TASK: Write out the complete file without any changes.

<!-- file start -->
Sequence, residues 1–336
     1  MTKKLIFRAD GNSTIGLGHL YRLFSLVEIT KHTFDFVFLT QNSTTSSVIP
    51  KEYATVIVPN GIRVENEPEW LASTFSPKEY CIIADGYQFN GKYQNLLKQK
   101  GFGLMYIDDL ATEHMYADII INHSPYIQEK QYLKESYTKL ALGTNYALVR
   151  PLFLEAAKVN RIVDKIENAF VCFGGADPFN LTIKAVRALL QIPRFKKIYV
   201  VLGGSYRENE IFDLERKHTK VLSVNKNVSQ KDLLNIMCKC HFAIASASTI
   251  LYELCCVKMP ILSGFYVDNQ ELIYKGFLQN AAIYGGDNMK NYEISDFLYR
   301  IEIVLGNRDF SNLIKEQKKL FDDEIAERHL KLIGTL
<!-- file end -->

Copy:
Sequence, residues 1–336
     1  MTKKLIFRAD GNSTIGLGHL YRLFSLVEIT KHTFDFVFLT QNSTTSSVIP
    51  KEYATVIVPN GIRVENEPEW LASTFSPKEY CIIADGYQFN GKYQNLLKQK
   101  GFGLMYIDDL ATEHMYADII INHSPYIQEK QYLKESYTKL ALGTNYALVR
   151  PLFLEAAKVN RIVDKIENAF VCFGGADPFN LTIKAVRALL QIPRFKKIYV
   201  VLGGSYRENE IFDLERKHTK VLSVNKNVSQ KDLLNIMCKC HFAIASASTI
   251  LYELCCVKMP ILSGFYVDNQ ELIYKGFLQN AAIYGGDNMK NYEISDFLYR
   301  IEIVLGNRDF SNLIKEQKKL FDDEIAERHL KLIGTL